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What is Spirulina?


Spirulina, which is a type of microscopic blue-green algae, gained popularity as a dietary supplement due to its high content of vitamins and minerals. It also represents a valuable source of protein, since it contains more of this nutrient than meat and soy combined.

Spirulina for High Protein Diets

The complete protein found in spirulina represents between 55 and 77 percent of the dry weight of this alga. The fact that it is complete means that it includes all essential amino acids. By comparison, protein constitutes only 27 percent of meat and 34 percent of soy. Despite containing a complete protein, spirulina includes smaller quantities of the following 3 amino acids than eggs, meat and milk:

  • Cysteine
  • Lysine
  • Methionine

In terms of protein content, legumes cannot be compared to spirulina, as they include a much smaller amount. The high content of protein makes spirulina an ideal dietary supplement for those who want or need to follow a high protein diet. Proteins create a sensation of satiety, thus decreasing the amount of food that you need to eat. By following a diet that is rich in proteins, you will be able to get rid of the extra pounds very easily.

Essential Fatty Acids Contained by Spirulina

This dietary supplement includes a wide range of essential fatty acids:

  • AA (arachidonic acid)
  • ALA (alpha-linolenic acid)
  • DHA (docosahexaenoic acid)
  • EPA (eicosapentaenoic acid)
  • GLA (gamma-linolenic acid)
  • LA (linoleic acid)
  • SDA (stearidonic acid)

These omega-3 and omega-6 fatty acids cannot be synthesized by your body, so the diet remains the only source. Some of them, such as DHA and EPA are used as treatments for depression, while others are needed for treating inflammation. Besides that, many essential fatty acids have antioxidant properties and also play an important role in the weight loss process.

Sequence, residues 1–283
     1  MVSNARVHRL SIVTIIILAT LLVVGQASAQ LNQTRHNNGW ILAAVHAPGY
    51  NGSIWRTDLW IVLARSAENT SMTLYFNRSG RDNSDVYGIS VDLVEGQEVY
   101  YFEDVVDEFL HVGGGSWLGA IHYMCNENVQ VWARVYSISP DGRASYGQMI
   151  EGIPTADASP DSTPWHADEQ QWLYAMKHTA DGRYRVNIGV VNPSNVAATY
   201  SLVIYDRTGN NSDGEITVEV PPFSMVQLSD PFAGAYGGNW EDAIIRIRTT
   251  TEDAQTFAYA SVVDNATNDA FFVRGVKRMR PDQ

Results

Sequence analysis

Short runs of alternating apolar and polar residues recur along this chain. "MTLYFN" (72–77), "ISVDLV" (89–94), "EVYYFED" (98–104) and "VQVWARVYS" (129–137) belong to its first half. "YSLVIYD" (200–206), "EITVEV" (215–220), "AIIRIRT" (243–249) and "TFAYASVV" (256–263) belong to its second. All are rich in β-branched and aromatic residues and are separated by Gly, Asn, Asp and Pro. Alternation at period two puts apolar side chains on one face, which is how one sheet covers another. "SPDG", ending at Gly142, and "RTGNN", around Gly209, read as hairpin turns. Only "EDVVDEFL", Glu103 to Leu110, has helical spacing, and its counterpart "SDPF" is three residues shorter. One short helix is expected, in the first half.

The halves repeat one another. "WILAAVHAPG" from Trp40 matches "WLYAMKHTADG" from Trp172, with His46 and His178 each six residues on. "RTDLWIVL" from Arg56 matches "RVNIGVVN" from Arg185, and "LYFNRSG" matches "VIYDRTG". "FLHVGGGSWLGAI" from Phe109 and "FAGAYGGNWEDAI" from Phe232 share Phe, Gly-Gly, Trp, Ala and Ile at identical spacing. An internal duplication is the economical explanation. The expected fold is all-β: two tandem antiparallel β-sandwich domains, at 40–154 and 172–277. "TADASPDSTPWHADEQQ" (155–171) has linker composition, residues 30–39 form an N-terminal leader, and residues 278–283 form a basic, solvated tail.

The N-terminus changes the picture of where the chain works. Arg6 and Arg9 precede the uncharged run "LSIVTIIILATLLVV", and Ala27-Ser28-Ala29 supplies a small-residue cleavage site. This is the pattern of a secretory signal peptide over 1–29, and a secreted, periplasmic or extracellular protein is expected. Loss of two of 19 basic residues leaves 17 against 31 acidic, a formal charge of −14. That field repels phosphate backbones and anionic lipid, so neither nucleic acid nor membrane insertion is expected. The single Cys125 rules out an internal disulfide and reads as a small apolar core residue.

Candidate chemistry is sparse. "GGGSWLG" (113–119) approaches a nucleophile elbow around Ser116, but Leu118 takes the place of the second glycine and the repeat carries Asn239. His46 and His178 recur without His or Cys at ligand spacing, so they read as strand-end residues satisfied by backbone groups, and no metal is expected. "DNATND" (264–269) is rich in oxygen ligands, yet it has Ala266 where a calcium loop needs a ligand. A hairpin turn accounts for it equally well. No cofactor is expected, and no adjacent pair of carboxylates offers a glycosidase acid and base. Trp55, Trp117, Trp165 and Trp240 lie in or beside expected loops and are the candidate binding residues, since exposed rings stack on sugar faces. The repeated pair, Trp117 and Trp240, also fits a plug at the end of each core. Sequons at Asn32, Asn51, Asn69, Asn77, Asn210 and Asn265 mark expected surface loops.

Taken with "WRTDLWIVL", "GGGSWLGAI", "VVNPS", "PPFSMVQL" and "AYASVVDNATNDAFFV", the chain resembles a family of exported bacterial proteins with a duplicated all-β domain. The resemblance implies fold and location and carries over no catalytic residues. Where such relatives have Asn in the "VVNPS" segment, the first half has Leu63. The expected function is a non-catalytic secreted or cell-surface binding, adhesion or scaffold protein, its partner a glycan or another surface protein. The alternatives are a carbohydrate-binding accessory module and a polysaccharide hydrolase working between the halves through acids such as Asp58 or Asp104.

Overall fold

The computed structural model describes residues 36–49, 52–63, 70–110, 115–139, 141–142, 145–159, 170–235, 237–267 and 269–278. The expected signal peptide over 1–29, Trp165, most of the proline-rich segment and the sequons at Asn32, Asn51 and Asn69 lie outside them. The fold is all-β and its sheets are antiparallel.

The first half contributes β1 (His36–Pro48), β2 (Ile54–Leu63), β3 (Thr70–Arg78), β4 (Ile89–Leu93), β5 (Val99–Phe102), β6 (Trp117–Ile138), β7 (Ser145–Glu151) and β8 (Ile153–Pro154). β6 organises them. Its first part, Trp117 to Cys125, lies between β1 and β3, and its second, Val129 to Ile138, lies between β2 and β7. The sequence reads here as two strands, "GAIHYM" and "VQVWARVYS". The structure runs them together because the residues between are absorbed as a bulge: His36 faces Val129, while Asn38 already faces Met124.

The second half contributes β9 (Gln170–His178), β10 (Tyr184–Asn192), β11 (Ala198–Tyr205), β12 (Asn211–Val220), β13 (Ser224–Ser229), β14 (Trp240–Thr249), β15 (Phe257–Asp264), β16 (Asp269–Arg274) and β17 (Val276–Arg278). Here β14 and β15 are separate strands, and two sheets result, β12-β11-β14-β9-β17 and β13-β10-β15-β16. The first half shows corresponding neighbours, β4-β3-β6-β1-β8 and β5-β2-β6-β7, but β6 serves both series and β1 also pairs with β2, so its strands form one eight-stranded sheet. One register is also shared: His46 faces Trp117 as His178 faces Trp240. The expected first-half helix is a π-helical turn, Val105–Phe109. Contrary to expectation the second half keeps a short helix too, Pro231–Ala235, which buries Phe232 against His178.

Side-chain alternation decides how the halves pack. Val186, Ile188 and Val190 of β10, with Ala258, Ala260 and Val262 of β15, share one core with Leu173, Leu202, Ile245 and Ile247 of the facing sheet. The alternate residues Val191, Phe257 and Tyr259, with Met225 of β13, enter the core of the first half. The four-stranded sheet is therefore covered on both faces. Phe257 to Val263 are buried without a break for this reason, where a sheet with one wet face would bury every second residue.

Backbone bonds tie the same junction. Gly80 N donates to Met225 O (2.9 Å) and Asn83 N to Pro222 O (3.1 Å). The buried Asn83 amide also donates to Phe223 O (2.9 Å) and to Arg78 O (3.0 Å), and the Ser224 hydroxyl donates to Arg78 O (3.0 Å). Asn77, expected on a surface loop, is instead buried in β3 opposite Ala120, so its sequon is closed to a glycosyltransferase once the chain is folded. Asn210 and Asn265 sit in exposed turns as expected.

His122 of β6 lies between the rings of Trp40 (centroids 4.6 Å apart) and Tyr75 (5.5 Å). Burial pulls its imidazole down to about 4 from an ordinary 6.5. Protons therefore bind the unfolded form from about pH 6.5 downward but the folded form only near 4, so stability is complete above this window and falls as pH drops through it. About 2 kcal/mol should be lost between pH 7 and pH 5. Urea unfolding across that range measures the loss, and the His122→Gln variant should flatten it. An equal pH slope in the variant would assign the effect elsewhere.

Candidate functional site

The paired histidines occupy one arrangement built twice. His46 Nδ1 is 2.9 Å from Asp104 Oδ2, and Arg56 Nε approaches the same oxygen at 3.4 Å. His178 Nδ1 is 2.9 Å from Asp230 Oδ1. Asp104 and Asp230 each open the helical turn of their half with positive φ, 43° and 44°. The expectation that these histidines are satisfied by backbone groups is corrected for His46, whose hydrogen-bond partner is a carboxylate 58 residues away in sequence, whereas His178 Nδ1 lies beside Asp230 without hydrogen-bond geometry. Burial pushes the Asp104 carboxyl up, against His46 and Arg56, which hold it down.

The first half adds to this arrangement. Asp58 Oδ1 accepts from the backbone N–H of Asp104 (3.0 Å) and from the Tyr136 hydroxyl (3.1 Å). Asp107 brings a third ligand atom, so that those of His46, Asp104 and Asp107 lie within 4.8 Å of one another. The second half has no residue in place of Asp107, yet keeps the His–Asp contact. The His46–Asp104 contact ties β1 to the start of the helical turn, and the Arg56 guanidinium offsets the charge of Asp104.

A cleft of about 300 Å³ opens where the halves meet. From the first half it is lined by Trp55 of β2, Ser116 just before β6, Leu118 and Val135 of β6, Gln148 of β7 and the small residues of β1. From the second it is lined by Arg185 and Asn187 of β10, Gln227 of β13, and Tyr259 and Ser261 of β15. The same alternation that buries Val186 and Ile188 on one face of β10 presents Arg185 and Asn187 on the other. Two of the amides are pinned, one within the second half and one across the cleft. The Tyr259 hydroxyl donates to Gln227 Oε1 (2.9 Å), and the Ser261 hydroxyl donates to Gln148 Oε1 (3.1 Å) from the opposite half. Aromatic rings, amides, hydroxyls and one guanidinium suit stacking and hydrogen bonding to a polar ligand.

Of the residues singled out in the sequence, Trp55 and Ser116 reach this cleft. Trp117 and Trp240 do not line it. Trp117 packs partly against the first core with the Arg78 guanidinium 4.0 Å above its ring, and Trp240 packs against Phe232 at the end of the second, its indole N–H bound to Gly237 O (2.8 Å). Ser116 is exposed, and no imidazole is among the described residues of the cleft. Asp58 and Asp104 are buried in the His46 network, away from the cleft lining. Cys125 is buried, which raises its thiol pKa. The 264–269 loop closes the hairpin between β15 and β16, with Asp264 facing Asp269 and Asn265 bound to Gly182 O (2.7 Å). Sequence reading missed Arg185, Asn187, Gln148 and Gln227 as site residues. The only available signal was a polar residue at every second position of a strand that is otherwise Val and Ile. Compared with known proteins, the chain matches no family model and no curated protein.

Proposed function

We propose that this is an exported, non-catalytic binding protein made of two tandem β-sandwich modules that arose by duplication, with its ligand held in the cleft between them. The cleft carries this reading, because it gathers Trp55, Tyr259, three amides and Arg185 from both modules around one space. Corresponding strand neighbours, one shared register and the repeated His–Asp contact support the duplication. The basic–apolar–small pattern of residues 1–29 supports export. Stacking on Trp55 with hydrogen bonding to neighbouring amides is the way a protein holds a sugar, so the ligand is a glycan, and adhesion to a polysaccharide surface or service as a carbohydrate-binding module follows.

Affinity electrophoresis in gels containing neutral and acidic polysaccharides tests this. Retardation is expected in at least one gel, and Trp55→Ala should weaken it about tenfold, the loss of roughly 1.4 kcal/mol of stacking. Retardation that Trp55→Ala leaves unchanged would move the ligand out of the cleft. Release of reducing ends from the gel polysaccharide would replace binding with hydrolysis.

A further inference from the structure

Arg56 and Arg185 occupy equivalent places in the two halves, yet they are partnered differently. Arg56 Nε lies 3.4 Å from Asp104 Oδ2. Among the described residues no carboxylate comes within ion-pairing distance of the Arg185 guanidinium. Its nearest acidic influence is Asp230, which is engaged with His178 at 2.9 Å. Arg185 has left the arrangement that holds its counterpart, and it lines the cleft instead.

Mineral and Vitamin Content of Spirulina

Spirulina abounds in vitamins and minerals, a fact that makes it a very effective dietary supplement for anyone who suffers from a nutrient deficiency. The vitamins contained by this alga include:

  • Vitamin A
  • Vitamin B complex
  • Vitamin C
  • Vitamin D
  • Vitamin E
  • Vitamin K

Keep in mind that not all these vitamins are water-soluble, so there is a risk of toxicity. As mentioned before, spirulina also contains a wide range of minerals:

  • Boron
  • Calcium
  • Chloride
  • Chromium
  • Copper
  • Germanium
  • Iodine
  • Iron
  • Manganese
  • Magnesium
  • Molybdenum
  • Phosphorus
  • Potassium
  • Selenium
  • Sodium
  • Zinc

Spirulina seems to be particularly rich in potassium, but the other minerals are also found in considerable amounts that are effective for treating deficiencies.

Adverse Reactions of Spirulina

People suffering from phenylketonuria should not use spirulina. One of the amino acids found in this alga, namely phenylalanine, cannot be metabolized in people with this metabolic disorder. Because of this fact, the amino acid will accumulate in the brain, eventually leading to harmful effects.

Spirulina may also pose a health threat to people who suffer from kidney or liver diseases. When this dietary supplement is consumed in great amounts, the high content of vitamins and minerals may lead to toxic reactions. Microcystins are toxins that are sometimes found in spirulina. Even though these toxins are very seldom present, when ingested, they create deposits in the liver, leading to liver cancer or other diseases that affect this organ.

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